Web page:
In or around the point that we watched our hero masturbate into his hand and then, gagging, eat his own ejaculate, we did start to wonder why we were putting ourselves through this. If the desire was to shine a light on the grim reality of the disenfranchised in today’s Athens, then why do we see him leave a paying job in a telesales centre because the banal grind of the work is beneath him? There are forces at work here outside of societal failure, like his mental deterioration that leads him to make more and more erratic choices. As a result at some point the film resigns its right to make sweeping statements about the human cost of the failure of the Greek economy, in favour of wholeheartedly becoming a psychological portrait of a singularly disturbed individual.
The actor Papadopoulos, commended by the Karlovy Vary jury, does a remarkable job with the merciless material, and the film has identified an interesting, little-seen phase of devolution: the moment that deprivation and harsh circumstance cross the line into abject penury and homelessness. These elements could have combined to much greater effect, instead we get an ordeal that doesn’t really justify the unpleasantness of the watching with any kind of insight. Apparently the generic term for this sort of recession-era social realism is “povertainment”. We could wish this entry in that dubious canon was just a little more povertaining. [C]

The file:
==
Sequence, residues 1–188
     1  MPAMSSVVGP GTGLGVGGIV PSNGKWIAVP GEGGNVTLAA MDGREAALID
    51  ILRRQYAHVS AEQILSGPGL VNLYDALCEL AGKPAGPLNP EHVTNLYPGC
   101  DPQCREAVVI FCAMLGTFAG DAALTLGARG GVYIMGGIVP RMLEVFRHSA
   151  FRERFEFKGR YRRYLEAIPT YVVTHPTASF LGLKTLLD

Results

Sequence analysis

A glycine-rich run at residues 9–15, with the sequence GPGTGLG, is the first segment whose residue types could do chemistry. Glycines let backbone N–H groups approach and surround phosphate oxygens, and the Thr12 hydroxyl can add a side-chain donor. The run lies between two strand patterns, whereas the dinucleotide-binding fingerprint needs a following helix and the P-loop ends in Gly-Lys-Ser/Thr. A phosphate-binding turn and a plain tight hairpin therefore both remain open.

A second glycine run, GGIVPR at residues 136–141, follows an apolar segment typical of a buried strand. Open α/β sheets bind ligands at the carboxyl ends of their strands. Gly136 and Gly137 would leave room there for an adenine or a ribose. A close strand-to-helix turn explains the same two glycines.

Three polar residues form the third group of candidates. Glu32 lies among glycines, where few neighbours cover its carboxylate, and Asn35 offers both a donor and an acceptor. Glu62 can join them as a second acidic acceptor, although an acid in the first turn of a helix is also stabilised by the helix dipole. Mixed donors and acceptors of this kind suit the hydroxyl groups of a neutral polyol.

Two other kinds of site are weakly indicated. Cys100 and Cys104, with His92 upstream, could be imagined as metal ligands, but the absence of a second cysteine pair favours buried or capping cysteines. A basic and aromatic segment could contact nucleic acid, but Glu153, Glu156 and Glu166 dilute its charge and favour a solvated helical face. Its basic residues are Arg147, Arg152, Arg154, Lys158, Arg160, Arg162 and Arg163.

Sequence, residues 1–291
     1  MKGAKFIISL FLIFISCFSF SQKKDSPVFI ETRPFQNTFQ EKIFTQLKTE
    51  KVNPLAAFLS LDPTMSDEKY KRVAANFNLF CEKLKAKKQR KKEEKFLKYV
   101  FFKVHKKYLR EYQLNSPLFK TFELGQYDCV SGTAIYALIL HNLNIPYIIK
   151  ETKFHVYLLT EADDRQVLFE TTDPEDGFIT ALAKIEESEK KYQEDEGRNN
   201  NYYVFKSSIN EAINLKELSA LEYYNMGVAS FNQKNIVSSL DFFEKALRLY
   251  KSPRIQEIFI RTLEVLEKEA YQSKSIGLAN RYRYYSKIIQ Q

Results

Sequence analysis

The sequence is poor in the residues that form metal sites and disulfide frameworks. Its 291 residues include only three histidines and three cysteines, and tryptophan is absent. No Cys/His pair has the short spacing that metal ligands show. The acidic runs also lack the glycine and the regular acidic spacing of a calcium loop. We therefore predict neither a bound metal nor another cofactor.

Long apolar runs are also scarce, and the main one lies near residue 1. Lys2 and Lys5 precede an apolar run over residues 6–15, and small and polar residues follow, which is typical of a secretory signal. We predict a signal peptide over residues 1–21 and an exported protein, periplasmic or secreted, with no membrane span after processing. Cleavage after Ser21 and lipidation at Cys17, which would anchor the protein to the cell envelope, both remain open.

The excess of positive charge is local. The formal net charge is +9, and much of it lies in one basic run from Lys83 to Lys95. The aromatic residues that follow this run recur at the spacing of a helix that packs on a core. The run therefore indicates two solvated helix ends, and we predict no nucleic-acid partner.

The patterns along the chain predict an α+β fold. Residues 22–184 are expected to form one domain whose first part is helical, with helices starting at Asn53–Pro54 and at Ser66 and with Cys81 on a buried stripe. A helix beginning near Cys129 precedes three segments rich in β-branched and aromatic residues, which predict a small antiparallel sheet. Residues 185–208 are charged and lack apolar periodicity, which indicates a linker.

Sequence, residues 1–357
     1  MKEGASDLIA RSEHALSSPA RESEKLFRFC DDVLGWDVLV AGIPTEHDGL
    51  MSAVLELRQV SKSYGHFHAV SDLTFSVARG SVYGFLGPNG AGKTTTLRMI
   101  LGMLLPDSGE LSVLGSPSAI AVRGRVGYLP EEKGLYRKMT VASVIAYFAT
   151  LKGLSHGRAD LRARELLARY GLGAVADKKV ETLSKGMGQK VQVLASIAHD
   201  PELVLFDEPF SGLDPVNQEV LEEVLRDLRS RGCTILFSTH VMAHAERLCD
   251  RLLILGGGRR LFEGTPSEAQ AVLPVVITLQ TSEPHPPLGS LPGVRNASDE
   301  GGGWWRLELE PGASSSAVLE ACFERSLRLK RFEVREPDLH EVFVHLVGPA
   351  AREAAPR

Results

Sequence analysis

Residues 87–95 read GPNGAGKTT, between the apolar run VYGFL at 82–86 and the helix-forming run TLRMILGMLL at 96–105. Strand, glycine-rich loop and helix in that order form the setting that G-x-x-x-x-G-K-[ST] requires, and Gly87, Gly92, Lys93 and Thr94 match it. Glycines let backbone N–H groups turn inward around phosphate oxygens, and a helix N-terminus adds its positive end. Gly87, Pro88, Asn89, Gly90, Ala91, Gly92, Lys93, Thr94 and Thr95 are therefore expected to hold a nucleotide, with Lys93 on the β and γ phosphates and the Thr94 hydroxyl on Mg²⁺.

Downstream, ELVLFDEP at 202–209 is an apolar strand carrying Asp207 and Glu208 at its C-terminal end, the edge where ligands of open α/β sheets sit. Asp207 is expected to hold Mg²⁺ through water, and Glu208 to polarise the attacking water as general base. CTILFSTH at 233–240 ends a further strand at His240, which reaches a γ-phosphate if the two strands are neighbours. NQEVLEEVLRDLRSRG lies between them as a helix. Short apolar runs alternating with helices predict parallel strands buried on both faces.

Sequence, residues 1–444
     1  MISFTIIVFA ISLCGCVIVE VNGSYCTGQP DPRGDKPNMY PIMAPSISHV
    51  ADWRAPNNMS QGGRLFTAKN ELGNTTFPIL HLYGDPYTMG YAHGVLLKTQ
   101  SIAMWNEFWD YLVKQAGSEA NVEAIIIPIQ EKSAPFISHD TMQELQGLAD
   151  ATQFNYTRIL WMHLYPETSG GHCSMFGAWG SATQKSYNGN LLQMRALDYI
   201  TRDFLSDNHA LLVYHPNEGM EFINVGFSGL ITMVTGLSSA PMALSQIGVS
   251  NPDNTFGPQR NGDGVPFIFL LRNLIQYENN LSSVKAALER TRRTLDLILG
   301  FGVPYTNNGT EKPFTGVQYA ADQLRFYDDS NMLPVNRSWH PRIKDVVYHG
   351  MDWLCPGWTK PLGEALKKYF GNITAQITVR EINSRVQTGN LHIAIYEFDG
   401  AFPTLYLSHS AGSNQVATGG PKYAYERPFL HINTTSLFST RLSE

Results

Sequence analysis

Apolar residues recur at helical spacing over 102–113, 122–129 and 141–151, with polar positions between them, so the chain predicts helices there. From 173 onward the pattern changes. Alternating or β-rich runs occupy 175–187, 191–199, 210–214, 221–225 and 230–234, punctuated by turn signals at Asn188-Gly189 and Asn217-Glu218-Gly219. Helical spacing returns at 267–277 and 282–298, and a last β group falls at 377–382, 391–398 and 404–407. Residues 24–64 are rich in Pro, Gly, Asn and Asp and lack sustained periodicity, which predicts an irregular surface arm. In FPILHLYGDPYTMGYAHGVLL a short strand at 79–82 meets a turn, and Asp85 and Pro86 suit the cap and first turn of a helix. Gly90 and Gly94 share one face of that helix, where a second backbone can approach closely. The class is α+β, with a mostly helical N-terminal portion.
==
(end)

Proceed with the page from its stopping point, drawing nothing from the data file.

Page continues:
A lovely, if tiny, little film, director Rafaël Ouellet’s “Camion,” which got its world premiere at the Karlovy Vary International Film Festival, is the touching story of an aging trucker who is involved in an accident, and his two sons who come back to spend some time with him in the aftermath. The generous, unshowy performances, the apparent simplicity of the narrative and the specificity of its setting and milieu (small-town Canada) render it perfect festival fare, if a difficult sell outside of that rarefied circuit. But it’s the honesty and the warmth of the treatment that make it, if not essential viewing, then certainly a very absorbing, engaging, likable way to spend 95 minutes.